Mark Zuckerberg, CEO of Facebook-parent Meta Platforms. Photo: Bloomberg
The Briefing
Autonomous Vehicles Facebook Policy

Meta’s Facebook Deepens Partisan Lines; What Waymo Didn’t Say

Photo: Mark Zuckerberg, CEO of Facebook-parent Meta Platforms. Photo: Bloomberg

For several years, Facebook has been in bad graces with Democrat policymakers, who blamed the company, recently renamed Meta Platforms, for securing Donald Trump’s 2016 presidential win by allowing Russian operatives to run riot on the social network. Two stories in the past week on Meta’s Washington operations suggest this distrust won’t go away anytime soon. 

On Wednesday, the Wall Street Journal detailed how the company’s Washington staff sought to play Democrats and Republicans against each other after the newspaper published stories based on internal research leaked by former Facebook staffer Frances Haugen. To stem the outcry, Meta policy staff told Republican policymakers that Haugen was really trying to help the Democrats, allegations that then showed up in right-leaning publications. The aim of the whisper campaigns: Sow division to stem a growing bipartisan effort to punish the company. 

Get access to exclusive coverage
Read deeply reported stories from the largest newsroom in tech.
Latest Articles
 
Opinion Asia Policy
China’s Tech Crackdown Is a Geopolitical Play
Art by Jesús Escudero
It hardly bears repeating that 2021 was a rough year for China’s platform companies. The firehose of new regulations and rolling crackdowns on everything from data security to overseas listings cost Chinese shares—including those of Didi, Meituan, Pinduoduo, JD.com, Tencent, and ByteDance—42% of their cumulative value in the U.S. and Hong Kong. Not so long ago, China held up...
Latest Briefs
 
China Plans to Require Big Internet Firms to Gain Approvals for Deals
Beijing Olympics Covid-Tracker App Has Security Flaws
NFT Gaming Company Animoca Brands Raised $360 Million at $5 Billion Valuation
Stay in the know
Receive a summary of the day's top tech news—distilled into one email.
Access on the go
View stories on our mobile app and tune into our weekly podcast.
Join live video Q&A’s
Deep-dive into topics like startups and autonomous vehicles with our top reporters and other executives.
Enjoy a clutter-free experience
Read without any banner ads.
Illustration by Danielle Davis.
Decamped Venture Capital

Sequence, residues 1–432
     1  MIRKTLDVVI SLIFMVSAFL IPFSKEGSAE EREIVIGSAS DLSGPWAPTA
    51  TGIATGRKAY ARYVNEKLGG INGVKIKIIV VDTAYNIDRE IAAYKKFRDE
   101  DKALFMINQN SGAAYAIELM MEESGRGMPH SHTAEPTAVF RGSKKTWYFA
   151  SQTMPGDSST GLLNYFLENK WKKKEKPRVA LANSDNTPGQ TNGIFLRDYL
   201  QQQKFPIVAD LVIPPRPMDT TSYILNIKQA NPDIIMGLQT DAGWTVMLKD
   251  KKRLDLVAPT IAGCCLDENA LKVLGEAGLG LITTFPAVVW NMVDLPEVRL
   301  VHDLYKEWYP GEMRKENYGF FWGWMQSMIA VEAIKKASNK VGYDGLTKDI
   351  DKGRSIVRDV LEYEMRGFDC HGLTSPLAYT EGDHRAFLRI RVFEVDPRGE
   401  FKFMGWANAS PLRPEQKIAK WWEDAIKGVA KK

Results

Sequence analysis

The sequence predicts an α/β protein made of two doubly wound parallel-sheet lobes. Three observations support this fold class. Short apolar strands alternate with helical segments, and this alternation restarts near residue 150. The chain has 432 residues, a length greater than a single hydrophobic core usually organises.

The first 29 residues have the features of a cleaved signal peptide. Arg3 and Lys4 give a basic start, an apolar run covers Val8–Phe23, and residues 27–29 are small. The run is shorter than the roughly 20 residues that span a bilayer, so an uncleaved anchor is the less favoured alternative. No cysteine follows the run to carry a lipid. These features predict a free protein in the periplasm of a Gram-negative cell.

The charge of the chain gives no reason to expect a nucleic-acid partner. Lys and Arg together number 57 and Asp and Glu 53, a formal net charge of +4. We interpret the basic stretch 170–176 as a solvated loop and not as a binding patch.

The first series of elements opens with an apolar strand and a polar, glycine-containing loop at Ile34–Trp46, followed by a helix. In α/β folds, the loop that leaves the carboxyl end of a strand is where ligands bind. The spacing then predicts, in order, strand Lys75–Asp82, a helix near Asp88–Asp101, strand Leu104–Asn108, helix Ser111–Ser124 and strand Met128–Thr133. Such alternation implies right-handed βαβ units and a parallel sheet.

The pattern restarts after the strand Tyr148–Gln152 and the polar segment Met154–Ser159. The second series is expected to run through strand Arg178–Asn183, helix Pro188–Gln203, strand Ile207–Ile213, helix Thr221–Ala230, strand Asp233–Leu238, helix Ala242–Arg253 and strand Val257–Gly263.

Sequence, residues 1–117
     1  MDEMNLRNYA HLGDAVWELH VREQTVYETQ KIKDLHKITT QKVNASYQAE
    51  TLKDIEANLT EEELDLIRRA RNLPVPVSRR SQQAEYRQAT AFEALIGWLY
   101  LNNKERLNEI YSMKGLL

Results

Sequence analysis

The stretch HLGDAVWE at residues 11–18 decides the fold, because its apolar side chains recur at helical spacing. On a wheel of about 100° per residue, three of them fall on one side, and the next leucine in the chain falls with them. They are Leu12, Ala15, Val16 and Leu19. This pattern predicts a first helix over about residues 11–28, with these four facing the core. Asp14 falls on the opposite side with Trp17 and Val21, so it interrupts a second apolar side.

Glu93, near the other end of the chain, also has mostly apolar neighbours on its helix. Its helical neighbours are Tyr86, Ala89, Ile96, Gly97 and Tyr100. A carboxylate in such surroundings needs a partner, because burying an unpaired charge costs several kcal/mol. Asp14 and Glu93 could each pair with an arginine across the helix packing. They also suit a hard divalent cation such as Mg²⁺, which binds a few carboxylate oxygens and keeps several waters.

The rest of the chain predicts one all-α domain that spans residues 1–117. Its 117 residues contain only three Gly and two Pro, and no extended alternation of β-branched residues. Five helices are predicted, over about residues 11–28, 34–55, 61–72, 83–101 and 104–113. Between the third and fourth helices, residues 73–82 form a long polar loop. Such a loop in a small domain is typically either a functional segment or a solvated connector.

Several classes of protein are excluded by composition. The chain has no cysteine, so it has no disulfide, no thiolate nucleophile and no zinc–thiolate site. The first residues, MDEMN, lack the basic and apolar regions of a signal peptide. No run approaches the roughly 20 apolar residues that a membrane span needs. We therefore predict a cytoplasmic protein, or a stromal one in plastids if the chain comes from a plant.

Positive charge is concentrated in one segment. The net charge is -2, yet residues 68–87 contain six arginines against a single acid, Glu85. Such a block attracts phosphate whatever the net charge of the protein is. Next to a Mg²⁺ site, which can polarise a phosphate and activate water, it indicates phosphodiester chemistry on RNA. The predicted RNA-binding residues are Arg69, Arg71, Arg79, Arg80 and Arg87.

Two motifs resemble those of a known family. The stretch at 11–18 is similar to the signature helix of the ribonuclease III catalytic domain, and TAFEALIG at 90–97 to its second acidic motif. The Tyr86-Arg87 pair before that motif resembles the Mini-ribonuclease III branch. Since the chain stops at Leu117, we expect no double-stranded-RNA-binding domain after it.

A Venture Capitalist Found “Cowboy Self-Reliance” in Wilson, Wyoming
I n this week’s Decamped , we chat with Wesley Chan, a former general partner (and current board partner) at Felicis Ventures and the founder of Google Analytics and Google Voice.
Illustration by Jesús Escudero
Relocation Kit Travel Real Estate
So You’re Moving to Wyoming—Here’s Your Tech-Scene Starter Kit
Once the Wild, Wild West (or, really, just a fancy ski destination), the state of Wyoming is now a popular relocation destination for tech and venture capital entrepreneurs lured there by wide open spaces and world-class skiing.
Nick Tran. Photo by Hulu. Art by Mike Sullivan
Exclusive
TikTok’s Global Marketing Chief Abruptly Departs
TikTok’s leaders have pushed out Nick Tran, the company’s head of global marketing, two people familiar with the situation told The Information.
Art by Mike Sullivan.
Crypto Cowboys Crypto Real Estate
Their First Rodeo: Why Are DAOs Suddenly Leaping Into Wyoming Real Estate?
Should we buy this town?” The tweet, accompanied by a link to a Zillow listing for a $4.7 million abandoned ghost town in Colorado, was almost certainly a joke—but then again, maybe not.
Art by Haejin Park. Photo by Bloomberg.
The Big Read Crypto Policy
The Beltway’s ‘Bitcoin Lady’: How Wyoming Senator Cynthia Lummis Became Crypto’s Most Powerful Champion
Sen. Cynthia Lummis, a Republican from Wyoming, has a nickname for her favorite cryptocurrency: “It’s freedom money,” she says of Bitcoin, which she holds to the tune of about a quarter million dollars.
Images by Microsoft; Activision. Art by Mike Sullivan
News Analysis
Eight Takeaways From the Microsoft-Activision Deal
Microsoft’s $68.7 billion acquisition of Activision Blizzard may have caught the market by surprise, but the deal makes sense on a number of levels.